According to this interesting article from Nature, reusing and recycling plastics and other materials is not enough. To achieving a circular economy, we must make, use, demand less stuff to begin with.
Plastic Free July® is a global movement that helps millions of people be part of the solution to plastic pollution – so we can have cleaner streets, oceans, and beautiful communities. The challenge is designed to support you, your community, or your school, in reducing single use plastics throughout the month of July.
There are resources and ideas online to help you get involved, plus take the quiz to be part of their research. Will you be part of Plastic Free July by choosing to refuse single-use plastics?
A rather pessimistic article on plastic recycling, with a lot of arguments for why recycling doesn’t work today – and is not expected to work in the future. Although it stems from data in the USA, the situation and the challenges described stand for Europe and all over the world.
Microplastics permeate the globe from the oceans’ depths to the highest mountaintop — and our bodies. Here’s everything you need to know.
Source: The Week
Refill is an award-winning UK-based campaign from “City to Sea” to help people live with less plastic. Anyone can download the free app to tap into a global network of places to reduce, reuse and refill. From a coffee on your commute to drinking water on the go, or even shopping with less plastic.
How do you consider the role of art in transmitting powerful messages to the public? These “Plastic popsicles” are a great example how the visual arts can engage a broader public in issues of water pollution.
Students from New Taipei City collected samples from urban rivers, creeks and ports which they then froze in moulds and preserved in resin. ‘We hope when more people see this they can change their lifestyles,’ they said.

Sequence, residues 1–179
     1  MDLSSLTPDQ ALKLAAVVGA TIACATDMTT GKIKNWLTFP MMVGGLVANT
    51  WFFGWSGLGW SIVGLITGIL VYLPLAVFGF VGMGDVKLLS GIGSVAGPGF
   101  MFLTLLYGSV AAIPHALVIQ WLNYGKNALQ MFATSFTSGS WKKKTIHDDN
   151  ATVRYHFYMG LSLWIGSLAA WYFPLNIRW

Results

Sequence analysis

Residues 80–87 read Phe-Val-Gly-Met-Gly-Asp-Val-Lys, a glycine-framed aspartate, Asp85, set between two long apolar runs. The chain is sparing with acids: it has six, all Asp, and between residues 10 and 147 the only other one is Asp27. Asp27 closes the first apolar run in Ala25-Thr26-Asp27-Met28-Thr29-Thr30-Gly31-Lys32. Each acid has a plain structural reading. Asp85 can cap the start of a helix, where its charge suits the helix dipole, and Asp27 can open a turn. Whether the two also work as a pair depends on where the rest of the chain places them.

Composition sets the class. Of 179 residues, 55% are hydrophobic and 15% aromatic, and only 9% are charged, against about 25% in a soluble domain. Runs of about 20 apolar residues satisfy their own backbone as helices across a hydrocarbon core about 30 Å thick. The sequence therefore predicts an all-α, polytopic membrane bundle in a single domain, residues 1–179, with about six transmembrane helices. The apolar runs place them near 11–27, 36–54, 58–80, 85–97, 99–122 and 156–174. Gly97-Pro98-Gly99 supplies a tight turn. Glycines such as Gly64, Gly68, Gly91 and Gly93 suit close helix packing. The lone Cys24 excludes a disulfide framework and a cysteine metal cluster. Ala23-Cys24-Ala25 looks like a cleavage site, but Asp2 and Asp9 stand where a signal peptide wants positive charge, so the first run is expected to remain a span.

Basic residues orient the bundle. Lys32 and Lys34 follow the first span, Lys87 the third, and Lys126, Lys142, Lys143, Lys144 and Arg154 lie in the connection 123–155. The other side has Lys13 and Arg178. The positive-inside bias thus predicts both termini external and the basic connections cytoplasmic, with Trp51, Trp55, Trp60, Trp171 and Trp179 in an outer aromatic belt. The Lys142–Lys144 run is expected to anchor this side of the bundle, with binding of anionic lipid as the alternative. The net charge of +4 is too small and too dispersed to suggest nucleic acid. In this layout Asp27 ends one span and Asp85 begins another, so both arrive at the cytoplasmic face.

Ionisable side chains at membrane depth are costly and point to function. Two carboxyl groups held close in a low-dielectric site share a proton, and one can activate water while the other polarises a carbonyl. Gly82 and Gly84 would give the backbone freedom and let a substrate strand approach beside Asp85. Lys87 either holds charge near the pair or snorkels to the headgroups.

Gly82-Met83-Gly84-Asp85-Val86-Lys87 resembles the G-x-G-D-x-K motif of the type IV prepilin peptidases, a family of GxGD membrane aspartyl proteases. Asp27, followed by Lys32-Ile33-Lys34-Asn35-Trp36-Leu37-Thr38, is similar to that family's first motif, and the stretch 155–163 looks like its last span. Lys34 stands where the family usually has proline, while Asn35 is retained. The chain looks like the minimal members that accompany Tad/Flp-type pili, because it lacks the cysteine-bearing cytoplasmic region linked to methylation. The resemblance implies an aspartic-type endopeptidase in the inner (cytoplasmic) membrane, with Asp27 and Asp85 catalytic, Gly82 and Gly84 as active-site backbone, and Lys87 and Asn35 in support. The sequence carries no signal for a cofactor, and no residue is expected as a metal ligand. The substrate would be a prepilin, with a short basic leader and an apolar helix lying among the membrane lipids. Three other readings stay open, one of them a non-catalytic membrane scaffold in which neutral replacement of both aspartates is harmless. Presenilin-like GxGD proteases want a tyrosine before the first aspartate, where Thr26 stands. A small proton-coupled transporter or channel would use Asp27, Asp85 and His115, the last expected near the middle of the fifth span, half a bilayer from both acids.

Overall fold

Read the full article here
Recycling can be complex: Some people are uncertain about how it helps the planet, while others consider it a waste of time, money and energy.
Nonetheless, things have changed in the last years. More and more industries are trying to reduce their wastes and consumer behavior has shifted. Greater emphasis is now on reducing, reusing, and recycling, as people are becoming more conscious of the world’s waste problem.
Yet still, misconceptions remain. This article sheds light on six popular myths.
Plastic Smart Cities is a WWF initiative that supports a no plastic in nature agenda. Since 2018, the initiative has supported cities and coastal centres in taking bold action to stop plastic pollution, with a goal to reduce plastic leakage into nature by 30% in the near term, and achieving no plastics in nature by 2030.
How do they do it?
This user-friendly platform presents a series of concrete steps we can take to have a positive impact for the planet. The process is simple. You choose a step and the level of commitment that works for you. You give yourself a month to try it. Then you track your progress by adding “steps” to the course of this global effort to cut down our CO2 emissions.
Consumer Reports (CR) reveals where most of the plastic you throw away really ends up and explains what to do to limit its environmental harm.
The aricle is USA-focused, but much of its content relates to the plastic insustries, recycling myths and consumer behaviour in general that is why it is relevant to many European countries.